Chris picked up a copy of the Beaver Home and Cottage Design book and found a floor plan for a package home that fit their desire for a home with country charm. "We wanted to live in the country and I wanted a country-looking home. The front porch is what attracted me," explains Karen Brennan on her appeal to the Fulmore model.

With a model from the Beaver Design Book in mind, the Brennan's met with Ted Costen, Home & Cottage Design Consultant at J & K Home Building Centre in Brantford to inquire about building a package home. The fact that Chris could be his own general contractor and oversee all the sub-trades but to also have Ted to guide him through the process, should he need it sealed the deal. As owner of a heating & air conditioning company in Brantford, Chris had been working in the residential and commercial construction business for 15 years and knew a lot of sub-trades. Karen recalls, "Chris really wanted to build his own house. With Ted's help, this was a way to do it ourselves."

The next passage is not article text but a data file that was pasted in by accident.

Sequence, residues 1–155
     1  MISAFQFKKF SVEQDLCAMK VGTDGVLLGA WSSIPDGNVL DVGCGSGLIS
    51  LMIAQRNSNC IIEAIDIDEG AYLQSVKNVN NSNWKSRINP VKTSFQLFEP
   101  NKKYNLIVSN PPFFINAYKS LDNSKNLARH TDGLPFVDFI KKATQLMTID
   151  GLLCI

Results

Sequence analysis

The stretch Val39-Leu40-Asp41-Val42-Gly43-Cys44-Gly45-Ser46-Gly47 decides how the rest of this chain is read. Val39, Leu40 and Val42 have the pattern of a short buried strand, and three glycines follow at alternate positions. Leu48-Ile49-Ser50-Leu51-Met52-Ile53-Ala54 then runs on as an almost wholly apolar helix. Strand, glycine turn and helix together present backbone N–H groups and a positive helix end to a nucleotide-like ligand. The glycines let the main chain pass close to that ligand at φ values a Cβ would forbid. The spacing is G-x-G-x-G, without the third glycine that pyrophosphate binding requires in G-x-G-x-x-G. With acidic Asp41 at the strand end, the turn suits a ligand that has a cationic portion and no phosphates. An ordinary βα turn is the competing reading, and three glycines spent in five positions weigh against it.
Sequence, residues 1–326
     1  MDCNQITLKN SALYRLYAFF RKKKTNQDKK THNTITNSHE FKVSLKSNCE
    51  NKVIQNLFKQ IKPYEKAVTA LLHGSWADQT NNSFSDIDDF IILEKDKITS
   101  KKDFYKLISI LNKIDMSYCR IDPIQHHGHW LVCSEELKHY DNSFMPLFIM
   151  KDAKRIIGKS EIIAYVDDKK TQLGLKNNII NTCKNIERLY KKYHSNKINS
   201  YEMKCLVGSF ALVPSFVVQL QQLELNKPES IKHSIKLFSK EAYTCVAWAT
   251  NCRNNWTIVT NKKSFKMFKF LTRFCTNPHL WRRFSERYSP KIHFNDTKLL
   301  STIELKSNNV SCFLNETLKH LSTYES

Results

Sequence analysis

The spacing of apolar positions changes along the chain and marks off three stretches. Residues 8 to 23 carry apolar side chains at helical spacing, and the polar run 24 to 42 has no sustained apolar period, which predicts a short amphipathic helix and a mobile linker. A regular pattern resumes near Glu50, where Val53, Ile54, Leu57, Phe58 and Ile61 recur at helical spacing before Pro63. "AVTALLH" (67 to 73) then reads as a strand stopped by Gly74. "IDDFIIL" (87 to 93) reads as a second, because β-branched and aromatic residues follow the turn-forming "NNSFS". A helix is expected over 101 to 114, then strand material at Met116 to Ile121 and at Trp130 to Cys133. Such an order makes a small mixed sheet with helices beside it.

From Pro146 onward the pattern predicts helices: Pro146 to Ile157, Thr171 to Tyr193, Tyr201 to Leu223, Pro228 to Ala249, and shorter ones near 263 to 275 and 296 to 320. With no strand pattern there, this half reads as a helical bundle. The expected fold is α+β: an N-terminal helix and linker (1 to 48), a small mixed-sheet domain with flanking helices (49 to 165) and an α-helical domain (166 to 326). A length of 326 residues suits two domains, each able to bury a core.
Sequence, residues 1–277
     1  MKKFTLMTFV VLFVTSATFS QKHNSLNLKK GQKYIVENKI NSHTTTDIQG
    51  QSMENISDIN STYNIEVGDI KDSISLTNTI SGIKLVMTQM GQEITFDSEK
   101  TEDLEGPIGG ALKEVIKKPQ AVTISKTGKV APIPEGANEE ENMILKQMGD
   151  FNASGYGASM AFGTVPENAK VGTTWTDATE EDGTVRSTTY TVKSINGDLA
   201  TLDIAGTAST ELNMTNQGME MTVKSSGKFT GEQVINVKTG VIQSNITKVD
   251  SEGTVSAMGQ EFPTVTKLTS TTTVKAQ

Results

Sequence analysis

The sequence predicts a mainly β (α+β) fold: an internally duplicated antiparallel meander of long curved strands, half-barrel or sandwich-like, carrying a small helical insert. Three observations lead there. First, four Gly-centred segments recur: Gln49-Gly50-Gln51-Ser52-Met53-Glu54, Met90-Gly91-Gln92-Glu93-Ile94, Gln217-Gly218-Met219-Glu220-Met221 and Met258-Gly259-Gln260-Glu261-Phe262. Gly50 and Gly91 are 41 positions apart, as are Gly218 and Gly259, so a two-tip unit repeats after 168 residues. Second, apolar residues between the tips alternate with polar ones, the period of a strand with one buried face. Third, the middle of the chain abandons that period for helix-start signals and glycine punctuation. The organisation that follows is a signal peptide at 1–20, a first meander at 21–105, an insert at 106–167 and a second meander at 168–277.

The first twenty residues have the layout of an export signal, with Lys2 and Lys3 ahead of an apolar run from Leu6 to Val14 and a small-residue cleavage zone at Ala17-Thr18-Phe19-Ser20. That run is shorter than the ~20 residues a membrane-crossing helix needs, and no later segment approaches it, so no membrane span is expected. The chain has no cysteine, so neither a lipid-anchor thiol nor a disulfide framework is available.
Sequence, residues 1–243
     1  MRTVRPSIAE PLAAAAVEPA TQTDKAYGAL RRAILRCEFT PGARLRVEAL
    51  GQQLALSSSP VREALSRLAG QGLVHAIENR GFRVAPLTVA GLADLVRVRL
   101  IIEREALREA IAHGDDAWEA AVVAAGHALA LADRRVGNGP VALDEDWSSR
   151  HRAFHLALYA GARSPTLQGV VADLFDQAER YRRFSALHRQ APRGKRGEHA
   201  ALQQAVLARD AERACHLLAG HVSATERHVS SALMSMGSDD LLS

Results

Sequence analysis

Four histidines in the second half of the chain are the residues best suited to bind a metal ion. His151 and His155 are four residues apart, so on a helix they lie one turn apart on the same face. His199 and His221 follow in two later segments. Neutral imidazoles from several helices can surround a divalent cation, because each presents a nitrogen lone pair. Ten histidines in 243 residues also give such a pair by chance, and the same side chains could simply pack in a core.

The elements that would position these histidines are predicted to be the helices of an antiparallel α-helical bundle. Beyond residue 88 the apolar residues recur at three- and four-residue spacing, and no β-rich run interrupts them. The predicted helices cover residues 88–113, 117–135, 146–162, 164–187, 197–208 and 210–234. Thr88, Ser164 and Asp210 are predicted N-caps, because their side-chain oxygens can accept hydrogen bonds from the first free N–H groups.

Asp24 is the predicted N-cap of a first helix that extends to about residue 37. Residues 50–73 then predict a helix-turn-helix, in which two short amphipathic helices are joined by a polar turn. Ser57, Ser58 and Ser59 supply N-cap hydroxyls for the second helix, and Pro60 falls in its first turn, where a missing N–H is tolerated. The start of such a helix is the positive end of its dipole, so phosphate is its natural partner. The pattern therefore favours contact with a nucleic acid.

The reasonable cost of the package home was also a factor for the Brennans on their decision to build. Chris also liked the security of knowing that the original quote would not change: "The price is locked in after the deposit. I was able to build in our budget." He recalled that the cost of plywood almost doubled during the construction process of his home but it did not affect his cost because the price had already been locked in.

Budget is one topic that Ted stresses during his first meeting with potential customers. "I preach about budgeting," says Ted. "Most of us build at the top end of our budgets so there are no room for surprises." One of the biggest advantages to building a package home is the guaranteed price. Ted continues, "You are given one price and that is the price. The price is frozen."